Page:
There are many different ways to test one’s reaction times; a simple way is to simply drop a ruler and see how far it falls before you can catch it. Take that same concept to a greater level, and you get this impressive “Catch The Stick” game.
The creation of one [Romain Labbe], the build has a wooden frame that holds up several sticks roughly seven feet off the ground. When the game is triggered, a beeper counts down, and then sticks start dropping. Each stick is held in place with a small solenoid-controlled latch, and the game simply energizes the solenoids in turn to drop the sticks randomly. On easier modes, the sticks are released gently, one at a time. On higher difficulty levels, they’re released in a near-continuous stream that would tax even a team of several players.
It’s not a complicated build, but it is very nicely executed. It certainly looks to be good fun to play with friends. Alternatively, you could try out this more distributed-style build. Video after the break.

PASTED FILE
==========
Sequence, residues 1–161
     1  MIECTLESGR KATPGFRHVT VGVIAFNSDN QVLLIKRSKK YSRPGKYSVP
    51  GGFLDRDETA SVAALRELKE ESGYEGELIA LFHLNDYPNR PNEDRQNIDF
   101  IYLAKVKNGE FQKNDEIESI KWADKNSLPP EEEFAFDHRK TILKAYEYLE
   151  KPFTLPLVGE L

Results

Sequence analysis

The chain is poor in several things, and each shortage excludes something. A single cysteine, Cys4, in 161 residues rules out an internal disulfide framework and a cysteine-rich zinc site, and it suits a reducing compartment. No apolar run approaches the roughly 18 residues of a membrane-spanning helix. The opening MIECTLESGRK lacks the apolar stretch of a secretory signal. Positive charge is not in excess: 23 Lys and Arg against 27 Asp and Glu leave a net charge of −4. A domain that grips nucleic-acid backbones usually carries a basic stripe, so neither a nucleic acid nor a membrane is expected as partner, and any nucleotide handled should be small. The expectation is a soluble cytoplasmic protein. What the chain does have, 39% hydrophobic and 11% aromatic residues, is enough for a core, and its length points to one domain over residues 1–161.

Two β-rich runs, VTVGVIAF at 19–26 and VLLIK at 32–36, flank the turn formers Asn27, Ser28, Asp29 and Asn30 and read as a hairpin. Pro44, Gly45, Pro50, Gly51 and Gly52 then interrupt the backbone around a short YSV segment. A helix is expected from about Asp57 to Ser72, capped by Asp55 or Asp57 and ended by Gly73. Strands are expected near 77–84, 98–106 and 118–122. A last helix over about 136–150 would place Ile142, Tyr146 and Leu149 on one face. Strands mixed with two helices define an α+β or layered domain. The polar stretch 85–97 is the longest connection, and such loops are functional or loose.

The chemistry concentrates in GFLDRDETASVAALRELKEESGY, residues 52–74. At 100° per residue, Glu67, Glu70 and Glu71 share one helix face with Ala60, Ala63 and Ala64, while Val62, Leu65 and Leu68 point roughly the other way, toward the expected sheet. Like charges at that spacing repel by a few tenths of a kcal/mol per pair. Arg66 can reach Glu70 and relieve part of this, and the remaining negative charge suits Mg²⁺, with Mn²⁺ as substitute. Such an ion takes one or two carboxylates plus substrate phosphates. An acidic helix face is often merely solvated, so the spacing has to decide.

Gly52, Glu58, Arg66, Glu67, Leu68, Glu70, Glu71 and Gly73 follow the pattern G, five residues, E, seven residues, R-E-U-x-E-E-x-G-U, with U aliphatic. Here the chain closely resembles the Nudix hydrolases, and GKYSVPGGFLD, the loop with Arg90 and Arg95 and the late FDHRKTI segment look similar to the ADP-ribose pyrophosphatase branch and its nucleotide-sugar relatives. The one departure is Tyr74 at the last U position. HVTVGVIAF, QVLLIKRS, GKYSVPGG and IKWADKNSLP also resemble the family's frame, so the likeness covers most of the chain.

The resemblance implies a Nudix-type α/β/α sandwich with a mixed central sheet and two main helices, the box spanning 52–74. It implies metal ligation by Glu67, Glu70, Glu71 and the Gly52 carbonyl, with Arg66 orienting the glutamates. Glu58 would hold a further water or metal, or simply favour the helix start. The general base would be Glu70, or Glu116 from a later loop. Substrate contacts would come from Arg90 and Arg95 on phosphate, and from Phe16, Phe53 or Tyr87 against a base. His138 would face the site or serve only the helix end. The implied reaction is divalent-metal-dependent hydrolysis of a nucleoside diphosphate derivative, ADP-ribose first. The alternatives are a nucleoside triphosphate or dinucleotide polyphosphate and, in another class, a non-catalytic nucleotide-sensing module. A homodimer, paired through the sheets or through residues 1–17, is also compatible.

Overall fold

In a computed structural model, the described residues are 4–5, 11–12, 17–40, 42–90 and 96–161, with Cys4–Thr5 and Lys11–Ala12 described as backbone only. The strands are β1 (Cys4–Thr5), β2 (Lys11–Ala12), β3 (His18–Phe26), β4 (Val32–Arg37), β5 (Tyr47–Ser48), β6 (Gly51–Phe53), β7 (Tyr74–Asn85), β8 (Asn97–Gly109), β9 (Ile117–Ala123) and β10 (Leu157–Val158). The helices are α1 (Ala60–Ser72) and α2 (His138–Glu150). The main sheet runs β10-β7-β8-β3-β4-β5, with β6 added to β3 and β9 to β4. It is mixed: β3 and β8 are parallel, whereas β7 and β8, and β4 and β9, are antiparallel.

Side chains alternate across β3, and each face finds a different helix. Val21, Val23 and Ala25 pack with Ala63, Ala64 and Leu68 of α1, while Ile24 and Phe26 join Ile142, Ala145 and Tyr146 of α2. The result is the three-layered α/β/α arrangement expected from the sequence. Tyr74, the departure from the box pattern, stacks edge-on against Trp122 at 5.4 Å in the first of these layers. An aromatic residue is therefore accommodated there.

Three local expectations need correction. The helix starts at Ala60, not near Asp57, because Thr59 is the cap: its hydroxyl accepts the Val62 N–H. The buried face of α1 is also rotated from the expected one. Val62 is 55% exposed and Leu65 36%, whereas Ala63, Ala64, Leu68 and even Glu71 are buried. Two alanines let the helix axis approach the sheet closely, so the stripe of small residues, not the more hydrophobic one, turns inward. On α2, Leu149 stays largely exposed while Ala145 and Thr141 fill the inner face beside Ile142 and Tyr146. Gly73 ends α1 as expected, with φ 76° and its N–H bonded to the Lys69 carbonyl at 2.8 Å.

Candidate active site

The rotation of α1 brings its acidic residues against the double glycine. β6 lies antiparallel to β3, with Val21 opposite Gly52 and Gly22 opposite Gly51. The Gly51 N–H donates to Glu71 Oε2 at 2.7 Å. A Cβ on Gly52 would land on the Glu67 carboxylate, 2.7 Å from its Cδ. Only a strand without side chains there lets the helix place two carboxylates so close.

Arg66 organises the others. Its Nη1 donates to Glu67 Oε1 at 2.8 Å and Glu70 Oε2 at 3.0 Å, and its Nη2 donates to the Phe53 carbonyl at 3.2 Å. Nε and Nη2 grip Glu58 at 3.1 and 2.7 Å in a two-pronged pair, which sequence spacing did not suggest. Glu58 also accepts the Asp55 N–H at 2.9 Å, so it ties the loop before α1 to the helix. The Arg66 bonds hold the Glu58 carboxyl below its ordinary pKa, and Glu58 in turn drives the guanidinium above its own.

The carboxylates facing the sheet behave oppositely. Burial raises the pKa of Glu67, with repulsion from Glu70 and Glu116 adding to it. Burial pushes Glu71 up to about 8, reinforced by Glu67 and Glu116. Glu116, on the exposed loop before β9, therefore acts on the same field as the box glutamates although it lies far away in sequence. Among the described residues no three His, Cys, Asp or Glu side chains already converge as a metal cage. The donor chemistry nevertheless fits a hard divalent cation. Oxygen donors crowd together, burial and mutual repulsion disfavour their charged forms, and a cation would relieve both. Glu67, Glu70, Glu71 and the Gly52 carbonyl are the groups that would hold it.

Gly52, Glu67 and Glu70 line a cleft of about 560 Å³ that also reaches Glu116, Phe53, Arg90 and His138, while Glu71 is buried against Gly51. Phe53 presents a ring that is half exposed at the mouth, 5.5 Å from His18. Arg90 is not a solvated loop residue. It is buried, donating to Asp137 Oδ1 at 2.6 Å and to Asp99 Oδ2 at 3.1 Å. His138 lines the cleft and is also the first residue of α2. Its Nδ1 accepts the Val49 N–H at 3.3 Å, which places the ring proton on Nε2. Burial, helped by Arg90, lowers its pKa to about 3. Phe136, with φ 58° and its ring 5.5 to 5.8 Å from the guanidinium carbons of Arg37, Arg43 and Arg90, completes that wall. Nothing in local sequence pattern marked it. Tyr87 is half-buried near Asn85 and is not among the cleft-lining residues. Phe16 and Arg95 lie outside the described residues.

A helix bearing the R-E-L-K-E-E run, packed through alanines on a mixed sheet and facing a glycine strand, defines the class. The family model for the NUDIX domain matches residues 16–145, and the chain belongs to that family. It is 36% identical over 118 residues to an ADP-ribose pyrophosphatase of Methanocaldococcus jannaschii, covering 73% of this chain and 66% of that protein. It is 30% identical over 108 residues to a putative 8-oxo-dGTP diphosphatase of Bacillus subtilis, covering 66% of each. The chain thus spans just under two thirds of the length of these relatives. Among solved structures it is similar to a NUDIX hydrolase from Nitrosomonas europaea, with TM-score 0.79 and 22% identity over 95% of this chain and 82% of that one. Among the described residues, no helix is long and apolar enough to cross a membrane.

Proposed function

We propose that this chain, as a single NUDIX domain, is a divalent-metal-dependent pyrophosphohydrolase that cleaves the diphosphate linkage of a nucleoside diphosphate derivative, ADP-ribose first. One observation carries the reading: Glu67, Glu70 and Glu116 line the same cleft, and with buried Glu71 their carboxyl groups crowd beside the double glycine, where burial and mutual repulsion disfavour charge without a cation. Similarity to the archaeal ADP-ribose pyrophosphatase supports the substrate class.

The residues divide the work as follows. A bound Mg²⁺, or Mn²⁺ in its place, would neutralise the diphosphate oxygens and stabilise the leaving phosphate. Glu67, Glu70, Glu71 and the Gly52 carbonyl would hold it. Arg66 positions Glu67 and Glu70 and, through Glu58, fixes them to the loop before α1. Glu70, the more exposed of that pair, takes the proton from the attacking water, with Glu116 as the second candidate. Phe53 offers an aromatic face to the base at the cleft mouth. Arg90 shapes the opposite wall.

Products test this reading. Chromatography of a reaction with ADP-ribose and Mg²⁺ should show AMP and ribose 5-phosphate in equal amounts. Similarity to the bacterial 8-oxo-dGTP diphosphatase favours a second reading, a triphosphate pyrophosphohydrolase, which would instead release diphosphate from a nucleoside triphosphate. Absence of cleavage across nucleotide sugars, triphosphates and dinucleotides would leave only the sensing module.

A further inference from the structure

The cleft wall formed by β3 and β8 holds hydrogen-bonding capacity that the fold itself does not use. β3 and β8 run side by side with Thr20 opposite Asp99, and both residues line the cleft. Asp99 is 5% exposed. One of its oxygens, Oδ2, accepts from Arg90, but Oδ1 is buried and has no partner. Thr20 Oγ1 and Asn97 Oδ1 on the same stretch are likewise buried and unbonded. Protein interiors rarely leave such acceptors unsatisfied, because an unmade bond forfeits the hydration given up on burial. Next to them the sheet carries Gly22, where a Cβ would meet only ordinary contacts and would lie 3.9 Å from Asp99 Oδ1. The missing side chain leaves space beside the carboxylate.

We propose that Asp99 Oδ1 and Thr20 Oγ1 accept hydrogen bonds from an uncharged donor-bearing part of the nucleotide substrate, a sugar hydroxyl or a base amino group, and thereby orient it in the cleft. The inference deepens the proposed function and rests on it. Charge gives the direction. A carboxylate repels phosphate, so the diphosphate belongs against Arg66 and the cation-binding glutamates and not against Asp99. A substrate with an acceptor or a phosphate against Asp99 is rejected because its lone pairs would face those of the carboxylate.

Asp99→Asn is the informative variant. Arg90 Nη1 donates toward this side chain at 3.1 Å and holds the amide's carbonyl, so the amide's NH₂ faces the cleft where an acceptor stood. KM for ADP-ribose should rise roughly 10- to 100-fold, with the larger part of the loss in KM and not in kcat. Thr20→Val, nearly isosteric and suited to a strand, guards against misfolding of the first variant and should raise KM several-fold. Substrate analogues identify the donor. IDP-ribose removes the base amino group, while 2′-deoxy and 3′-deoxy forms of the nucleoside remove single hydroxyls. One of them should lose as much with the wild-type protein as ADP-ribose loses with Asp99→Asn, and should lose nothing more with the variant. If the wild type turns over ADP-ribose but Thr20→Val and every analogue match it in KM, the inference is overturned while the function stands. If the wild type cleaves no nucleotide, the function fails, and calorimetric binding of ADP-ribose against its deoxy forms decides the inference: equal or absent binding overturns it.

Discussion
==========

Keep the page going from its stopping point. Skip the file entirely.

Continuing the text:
Continue reading “Catch The Stick Game Is A Tidy Build” →
In many sports, it’s important for competitors to be light on their feet, and able to react quickly to external stimuli. It all helps with getting balls in goals, and many athletes undergo reaction drills as part of their training regime. To help with this, [mblaz] set out to build a set of reaction trainers.
The training setup consists of a series of discs, each with glowing LEDs and a proximity sensor. The discs randomly light up, requiring a touch or wave to switch them off. At this point, another disc will light randomly, and so on.
The discs are built using an ATmega328 to run the show, with NRF24L01+ radios used to communicate between the modules. High brightness red LEDs are used for indication. An optical proximity sensor is used for its fast reaction time and low cost, while power comes via a small lithium polymer battery integrated into each disc.
We’re sure [mblaz] and his fellow athletes will find the rig to be useful in their training. There’s plenty of scope for electronics to help out with athletic training; this boxing trainer is a great example. If you’ve got a great sports engineering project of your own, don’t hesitate to send it in!